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How to watch the Super Flower Blood Moon Eclipse online

different stages of a total lunar eclipse
During a lunar eclipse, the Earth's shadow falls on the moon. (Image credit: John Barclay/johnw_barclay via Getty Images)

Want to see the Super Flower Blood Moon Eclipse, but don't have an ideal viewing spot? Perhaps you're dealing with cloudy weather, or maybe you're located in a place that doesn't fall along the lunar eclipse's path. 

Worry not, you can still catch the total lunar eclipse online. Here's a handful of places around the world that are livestreaming it for your viewing pleasure. This way, you can even see totality, when the moon is completely covered by Earth's dark shadow and turns a rusty red.

The entire lunar eclipse — from the point Earth’s shadow creeps across the moon to the moment it leaves — lasts for about five hours, from 4:47 a.m. – 9:49 a.m. EDT on Wednesday (May 26). During that time, as the sun, Earth and moon are perfectly aligned, you can flip back and forth between webcasts, comparing what the eclipse looks like in Western Australia to Los Angeles, and Flagstaff, Arizona, to New Zealand.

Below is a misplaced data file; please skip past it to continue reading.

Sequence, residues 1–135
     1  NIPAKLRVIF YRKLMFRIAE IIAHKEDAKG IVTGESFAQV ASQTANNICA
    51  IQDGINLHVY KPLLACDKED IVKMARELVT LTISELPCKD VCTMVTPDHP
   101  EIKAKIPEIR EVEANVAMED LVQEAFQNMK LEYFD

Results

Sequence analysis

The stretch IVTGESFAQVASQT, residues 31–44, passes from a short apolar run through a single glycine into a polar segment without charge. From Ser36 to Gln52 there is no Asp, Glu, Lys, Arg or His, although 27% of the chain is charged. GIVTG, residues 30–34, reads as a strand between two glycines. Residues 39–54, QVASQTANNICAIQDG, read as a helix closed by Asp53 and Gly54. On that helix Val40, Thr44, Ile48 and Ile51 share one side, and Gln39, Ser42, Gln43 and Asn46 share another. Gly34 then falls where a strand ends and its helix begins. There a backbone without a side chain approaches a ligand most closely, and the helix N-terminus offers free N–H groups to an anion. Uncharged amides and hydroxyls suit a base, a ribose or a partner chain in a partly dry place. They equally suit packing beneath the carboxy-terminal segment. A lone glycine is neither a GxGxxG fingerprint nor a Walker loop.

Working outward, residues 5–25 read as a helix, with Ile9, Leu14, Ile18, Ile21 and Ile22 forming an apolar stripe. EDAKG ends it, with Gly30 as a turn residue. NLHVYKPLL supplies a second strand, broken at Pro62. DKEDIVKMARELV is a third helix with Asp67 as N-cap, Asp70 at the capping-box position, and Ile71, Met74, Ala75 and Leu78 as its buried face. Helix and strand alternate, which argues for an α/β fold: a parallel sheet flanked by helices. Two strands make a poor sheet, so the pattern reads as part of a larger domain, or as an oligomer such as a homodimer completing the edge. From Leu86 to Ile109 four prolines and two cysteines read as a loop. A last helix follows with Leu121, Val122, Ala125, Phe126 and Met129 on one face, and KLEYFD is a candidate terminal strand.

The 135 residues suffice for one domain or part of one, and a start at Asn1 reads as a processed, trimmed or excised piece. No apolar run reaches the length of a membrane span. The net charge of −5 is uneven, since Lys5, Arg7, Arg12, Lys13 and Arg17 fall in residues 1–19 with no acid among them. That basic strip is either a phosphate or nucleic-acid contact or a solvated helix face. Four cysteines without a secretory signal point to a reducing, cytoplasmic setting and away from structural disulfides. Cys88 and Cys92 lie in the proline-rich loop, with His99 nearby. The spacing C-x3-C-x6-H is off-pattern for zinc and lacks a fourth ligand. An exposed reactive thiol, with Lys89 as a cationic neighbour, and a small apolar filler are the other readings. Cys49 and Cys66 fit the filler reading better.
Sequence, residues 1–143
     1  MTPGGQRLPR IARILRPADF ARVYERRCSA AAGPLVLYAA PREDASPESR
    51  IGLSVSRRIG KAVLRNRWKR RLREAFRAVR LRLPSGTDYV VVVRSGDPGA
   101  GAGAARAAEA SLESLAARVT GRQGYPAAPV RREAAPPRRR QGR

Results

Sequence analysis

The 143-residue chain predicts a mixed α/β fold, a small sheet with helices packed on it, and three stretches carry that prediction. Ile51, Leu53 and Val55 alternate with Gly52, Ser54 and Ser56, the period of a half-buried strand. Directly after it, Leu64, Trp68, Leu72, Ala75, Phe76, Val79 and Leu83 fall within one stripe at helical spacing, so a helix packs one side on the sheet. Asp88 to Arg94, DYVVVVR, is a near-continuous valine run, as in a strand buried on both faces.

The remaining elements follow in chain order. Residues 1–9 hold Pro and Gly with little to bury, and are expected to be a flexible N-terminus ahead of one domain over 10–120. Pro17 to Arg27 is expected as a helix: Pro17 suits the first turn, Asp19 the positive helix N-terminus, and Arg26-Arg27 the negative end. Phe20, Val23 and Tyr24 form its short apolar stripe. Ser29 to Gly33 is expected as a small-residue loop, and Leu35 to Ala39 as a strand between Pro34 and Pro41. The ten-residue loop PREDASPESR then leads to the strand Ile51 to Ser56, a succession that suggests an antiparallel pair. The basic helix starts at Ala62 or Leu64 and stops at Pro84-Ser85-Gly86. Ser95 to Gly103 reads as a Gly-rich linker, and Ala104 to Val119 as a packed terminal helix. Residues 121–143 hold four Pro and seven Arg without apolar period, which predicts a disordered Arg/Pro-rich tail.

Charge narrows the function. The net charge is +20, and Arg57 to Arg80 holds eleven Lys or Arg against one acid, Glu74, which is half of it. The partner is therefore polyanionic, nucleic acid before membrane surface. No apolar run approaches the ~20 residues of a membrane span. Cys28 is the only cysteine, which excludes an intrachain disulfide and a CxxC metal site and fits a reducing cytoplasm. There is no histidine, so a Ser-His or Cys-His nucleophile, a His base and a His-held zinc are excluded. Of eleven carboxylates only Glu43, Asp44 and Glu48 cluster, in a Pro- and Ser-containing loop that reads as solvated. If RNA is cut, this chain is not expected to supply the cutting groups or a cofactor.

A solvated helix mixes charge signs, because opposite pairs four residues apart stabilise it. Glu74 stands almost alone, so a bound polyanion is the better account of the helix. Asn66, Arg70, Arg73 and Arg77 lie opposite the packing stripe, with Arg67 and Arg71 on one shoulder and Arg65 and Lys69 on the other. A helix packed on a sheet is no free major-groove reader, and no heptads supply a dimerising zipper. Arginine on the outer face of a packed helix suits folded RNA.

Related: Glitzy photos of a supermoon 

Unless clouds are in the local forecast, you should at least be able to catch the Flower supermoon, no matter where you are in the world. On May 26, the moon will be at its fullest at 7:14 a.m. EDT (11:14 UTC), but it will appear full for a few days before and after that. The Flower Moon is named after all the wildflowers blooming right now in the Northern Hemisphere, while the supermoon refers to the fact that this will be the closest full moon to Earth in 2021. Supermoons appear up to 14% larger and up to 30% brighter than the average full moon, NASA reported

If you are in the eclipse's path (the best locations to see the entire eclipse, including totality, are Australia, parts of the western United States, western South America and Southeast Asia, according to timeanddate.com), remember there are three main phases during the lunar eclipse. First, the moon will enter Earth's light shadow, known as the penumbra. However, this phase is hard to see with the naked eye, even with a telescope, as the sun's rays will still reach the moon.